Facebook Social Media
Low hanging fruit is still on the tree but you need to know how to pick it

If I were to publish this blog every day, I'm not sure I could come up with anything relevant and useful, and my posts would be limited to around 400 words. I would need to consider multiple subjects, and working out subjects to cover takes time. Less is more. But it's not just blogging that takes time, each Sunday I post in my Facebook group the Artists Exchange something that I have discovered during the week that is artistically unusual. Finding that article on the web to share also takes time. Sometimes I might have three of four pieces in mind, then I review each article and pick out the most on point and interesting one to post. The result is usually that engagement in that post is much higher than the total number of posts I created without following a strategy during the previous six or seven days. I call those posts "impulse clicks" just as retailers create opportunities for impulse purchases.


Back to the Facebook newsfeed and how you can make sure that your posts reach the quality standards that the algorithm is looking for. Facebook surveyed thousands of people to get a better understanding of the factors that make posts a high quality. They asked the following questions.

Is this timely and relevant content?

Is this content from a source you would trust?

Would you share it with friends or recommend it to others?

Is the content genuinely interesting to you or is it trying to game News Feed distribution? (e.g., asking for people to like the content)

Would you call this a low quality post or meme?

Would you complain about seeing this content in your News Feed?

Then they incorporated the feedback within their new machine learning system. According to Facebook’s own reference to this on their website, the system uses over a thousand factors to determine quality. Here are a few that you really do need to consider when using Facebook Pages to promote your art.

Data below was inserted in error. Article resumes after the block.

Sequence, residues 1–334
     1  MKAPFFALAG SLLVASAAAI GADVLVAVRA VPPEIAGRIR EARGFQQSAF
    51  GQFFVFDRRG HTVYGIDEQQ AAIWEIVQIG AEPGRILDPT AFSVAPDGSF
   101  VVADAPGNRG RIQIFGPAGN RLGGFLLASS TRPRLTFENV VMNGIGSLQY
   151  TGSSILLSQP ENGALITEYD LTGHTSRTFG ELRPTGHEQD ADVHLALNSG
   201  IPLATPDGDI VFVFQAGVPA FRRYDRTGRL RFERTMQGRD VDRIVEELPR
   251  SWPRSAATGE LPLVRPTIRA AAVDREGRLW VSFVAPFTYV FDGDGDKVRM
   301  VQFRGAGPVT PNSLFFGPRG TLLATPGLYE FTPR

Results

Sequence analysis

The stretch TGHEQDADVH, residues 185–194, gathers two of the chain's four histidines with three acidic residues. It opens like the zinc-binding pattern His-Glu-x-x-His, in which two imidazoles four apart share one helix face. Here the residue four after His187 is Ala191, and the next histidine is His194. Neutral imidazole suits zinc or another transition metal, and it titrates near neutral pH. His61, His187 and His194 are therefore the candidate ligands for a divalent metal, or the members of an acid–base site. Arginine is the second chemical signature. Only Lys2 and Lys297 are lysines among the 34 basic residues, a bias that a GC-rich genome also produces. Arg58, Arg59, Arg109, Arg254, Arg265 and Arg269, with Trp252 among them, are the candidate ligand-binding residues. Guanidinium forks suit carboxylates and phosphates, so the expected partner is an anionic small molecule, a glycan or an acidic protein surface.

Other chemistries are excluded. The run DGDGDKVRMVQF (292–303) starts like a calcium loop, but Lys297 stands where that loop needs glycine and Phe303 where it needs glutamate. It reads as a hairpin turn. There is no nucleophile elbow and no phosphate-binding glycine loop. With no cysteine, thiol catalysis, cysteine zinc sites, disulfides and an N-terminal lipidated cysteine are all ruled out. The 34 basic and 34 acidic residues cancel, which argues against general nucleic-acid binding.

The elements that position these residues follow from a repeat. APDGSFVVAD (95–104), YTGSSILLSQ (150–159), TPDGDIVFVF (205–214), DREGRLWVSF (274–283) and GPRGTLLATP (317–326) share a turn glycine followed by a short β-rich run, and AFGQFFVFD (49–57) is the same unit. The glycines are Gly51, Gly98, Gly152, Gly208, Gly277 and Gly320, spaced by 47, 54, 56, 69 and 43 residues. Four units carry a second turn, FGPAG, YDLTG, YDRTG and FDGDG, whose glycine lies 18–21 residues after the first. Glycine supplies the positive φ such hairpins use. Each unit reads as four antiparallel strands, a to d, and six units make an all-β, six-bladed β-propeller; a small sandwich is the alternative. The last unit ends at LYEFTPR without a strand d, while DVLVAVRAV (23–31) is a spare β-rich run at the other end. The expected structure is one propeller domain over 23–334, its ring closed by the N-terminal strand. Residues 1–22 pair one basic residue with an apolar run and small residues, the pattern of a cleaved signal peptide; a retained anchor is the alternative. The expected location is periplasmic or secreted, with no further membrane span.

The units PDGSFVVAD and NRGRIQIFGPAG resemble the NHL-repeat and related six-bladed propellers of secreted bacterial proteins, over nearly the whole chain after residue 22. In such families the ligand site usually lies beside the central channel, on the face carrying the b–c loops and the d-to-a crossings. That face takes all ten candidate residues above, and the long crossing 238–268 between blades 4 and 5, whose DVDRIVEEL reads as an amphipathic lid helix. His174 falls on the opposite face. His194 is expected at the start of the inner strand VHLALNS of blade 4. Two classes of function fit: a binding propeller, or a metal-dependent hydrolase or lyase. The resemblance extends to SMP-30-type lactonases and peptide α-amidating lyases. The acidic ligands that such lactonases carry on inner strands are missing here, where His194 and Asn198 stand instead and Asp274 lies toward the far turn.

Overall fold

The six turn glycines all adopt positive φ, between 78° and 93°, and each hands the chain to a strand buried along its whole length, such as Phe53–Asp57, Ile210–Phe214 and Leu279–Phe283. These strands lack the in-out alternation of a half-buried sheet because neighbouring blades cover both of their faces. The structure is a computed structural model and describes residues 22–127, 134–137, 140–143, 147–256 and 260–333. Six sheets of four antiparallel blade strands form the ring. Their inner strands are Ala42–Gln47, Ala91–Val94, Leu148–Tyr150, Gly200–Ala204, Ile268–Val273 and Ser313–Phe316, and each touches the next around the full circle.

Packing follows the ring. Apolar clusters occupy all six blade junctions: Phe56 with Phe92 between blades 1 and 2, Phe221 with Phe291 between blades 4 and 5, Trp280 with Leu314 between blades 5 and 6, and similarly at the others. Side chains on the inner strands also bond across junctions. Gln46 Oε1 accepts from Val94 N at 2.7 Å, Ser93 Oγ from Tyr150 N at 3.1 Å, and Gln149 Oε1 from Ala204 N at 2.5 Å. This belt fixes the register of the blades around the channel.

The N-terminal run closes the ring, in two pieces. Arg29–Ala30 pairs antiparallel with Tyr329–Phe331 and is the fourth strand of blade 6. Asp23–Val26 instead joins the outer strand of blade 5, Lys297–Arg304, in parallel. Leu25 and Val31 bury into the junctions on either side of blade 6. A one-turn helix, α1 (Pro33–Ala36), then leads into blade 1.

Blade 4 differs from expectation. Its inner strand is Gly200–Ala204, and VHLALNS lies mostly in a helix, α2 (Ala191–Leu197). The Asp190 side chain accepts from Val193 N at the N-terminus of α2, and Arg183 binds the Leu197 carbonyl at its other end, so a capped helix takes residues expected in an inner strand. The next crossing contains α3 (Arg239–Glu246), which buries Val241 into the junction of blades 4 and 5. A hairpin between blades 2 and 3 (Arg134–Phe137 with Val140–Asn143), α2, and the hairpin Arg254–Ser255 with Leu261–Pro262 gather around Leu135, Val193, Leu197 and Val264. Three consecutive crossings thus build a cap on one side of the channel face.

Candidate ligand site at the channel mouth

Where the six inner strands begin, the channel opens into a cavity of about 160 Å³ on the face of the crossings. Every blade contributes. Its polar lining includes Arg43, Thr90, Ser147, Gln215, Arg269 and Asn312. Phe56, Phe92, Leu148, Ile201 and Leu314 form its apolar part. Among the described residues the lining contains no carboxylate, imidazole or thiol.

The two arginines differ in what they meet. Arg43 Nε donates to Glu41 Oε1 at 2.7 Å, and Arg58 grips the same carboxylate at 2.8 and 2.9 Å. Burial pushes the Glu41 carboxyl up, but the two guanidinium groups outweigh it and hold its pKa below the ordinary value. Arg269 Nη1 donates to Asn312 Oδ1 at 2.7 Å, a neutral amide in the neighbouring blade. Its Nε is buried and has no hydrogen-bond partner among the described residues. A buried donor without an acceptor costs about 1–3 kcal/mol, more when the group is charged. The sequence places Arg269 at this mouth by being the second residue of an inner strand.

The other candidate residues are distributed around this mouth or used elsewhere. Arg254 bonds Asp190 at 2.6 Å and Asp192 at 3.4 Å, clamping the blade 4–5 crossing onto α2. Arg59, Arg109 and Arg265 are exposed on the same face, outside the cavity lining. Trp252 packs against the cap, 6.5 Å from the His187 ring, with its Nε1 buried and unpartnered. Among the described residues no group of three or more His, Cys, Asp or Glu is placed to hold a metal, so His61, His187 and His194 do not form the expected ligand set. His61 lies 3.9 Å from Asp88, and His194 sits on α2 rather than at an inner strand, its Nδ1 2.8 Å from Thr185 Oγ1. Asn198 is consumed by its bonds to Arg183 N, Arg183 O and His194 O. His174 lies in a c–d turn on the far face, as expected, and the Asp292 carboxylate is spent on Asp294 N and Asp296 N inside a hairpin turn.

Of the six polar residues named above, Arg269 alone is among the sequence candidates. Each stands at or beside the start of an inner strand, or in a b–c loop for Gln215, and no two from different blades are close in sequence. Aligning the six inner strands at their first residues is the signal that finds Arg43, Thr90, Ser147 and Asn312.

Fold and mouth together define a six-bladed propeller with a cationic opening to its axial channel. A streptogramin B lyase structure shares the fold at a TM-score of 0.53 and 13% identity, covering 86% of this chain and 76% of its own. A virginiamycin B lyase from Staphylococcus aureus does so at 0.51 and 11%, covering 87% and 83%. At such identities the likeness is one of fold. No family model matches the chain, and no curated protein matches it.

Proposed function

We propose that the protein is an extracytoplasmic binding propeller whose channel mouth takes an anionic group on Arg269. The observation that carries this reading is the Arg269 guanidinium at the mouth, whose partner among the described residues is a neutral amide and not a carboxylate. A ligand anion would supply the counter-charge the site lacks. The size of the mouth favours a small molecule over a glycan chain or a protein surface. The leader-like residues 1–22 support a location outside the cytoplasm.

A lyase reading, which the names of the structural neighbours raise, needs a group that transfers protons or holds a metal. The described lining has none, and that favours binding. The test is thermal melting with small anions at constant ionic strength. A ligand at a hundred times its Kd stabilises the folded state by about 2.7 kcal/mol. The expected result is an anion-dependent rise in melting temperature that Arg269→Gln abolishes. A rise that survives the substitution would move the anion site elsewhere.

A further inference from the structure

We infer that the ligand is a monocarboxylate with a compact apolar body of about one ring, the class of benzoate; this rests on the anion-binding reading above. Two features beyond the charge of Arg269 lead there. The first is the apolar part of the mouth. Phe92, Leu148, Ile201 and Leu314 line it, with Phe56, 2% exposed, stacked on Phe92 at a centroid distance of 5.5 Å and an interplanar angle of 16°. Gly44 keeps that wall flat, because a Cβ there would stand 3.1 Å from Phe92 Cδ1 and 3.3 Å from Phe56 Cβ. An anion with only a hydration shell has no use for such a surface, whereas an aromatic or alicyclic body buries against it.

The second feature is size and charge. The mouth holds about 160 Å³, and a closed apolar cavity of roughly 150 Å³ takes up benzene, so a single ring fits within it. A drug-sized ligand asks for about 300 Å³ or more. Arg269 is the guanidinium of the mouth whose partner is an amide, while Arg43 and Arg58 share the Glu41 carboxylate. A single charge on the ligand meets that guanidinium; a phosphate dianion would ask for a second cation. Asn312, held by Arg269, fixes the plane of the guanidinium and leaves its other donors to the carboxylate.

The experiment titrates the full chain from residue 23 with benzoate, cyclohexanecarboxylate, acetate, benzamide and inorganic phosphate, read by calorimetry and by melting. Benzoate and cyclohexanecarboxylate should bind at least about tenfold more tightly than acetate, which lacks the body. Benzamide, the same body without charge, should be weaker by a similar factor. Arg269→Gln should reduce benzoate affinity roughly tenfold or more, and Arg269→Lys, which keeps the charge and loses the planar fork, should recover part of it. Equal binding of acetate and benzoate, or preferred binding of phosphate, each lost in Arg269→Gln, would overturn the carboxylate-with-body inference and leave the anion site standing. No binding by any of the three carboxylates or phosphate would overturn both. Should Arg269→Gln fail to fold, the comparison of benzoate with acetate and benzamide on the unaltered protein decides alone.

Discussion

How complete your Page profile is. Completing the profile is clearly beneficial to Facebook to collect data to inform future algorithm changes, and advertising, but it also enhances your position in the system.

They then added this factor into their newsfeed ranking algorithm allowing them to serve quality posts higher in other people's newsfeed's. Showing quality posts higher saw a significant increase in engagement in terms of likes, comments, and shares.

So you need to ensure that your posts are:

  • Timely and relevant
  • And that you:
  • Build credibility and trust with your audience
  • Ask yourself if people would share this with their friends or recommend it to others
  • And that you think about "would my audience want to see this in their newsfeed's?"


Facebook despite what you read in the press is actually showing little sign of slowing down. As people leave the platform, new people come along. So you cannot ignore it. If you're not in the game, you will lose out.

Facebook is not just a silo for your own posts and by not engaging in other people's posts you could be hurting your own ranking. Liking, but not spending the necessary time to engage and read what you are about to like is critical for the post you are about to like to do well.

It's a reciprocal platform. Engaging and building credibility is key. If you have nothing relevant to post, engage with other people's posts and build up people's awareness of you within those posts.

I mentioned positivity, and I occasionally want to share my life experiences when something goes wrong just as much as everyone else. But if you want to succeed, it seems that the new algorithm changes will continue to favour positivity over challenge. People like bad news, but we hear too much bad news and actually people like good news too. They're much more likely to share good news, unless it's snowing, then they'll share the photo of you falling over in the snow.

Native is the new black. Keeping people inside the walls of Facebook is clearly what Facebook likes. They want you connected 24/7. We would all prefer good quality posts, and as much as I love a meme, I have to say that they've probably had their day.

In the future there's no doubt that new platforms will come along and we'll dedicate our time temporarily to those. The issue is that Facebook is huge and it feels like home. The Seventh rule of Facebook, we all love our home.

Please do join me on Facebook at or join my two Facebook groups.

The Artist Exchange can be found here:

The Artist Hangout can be found here:

Next week I have to go into hospital for the day, hence two posts this week! If you have any other tips and strategies we would love to hear them so please feel free to leave a comment. Now go and create some great content!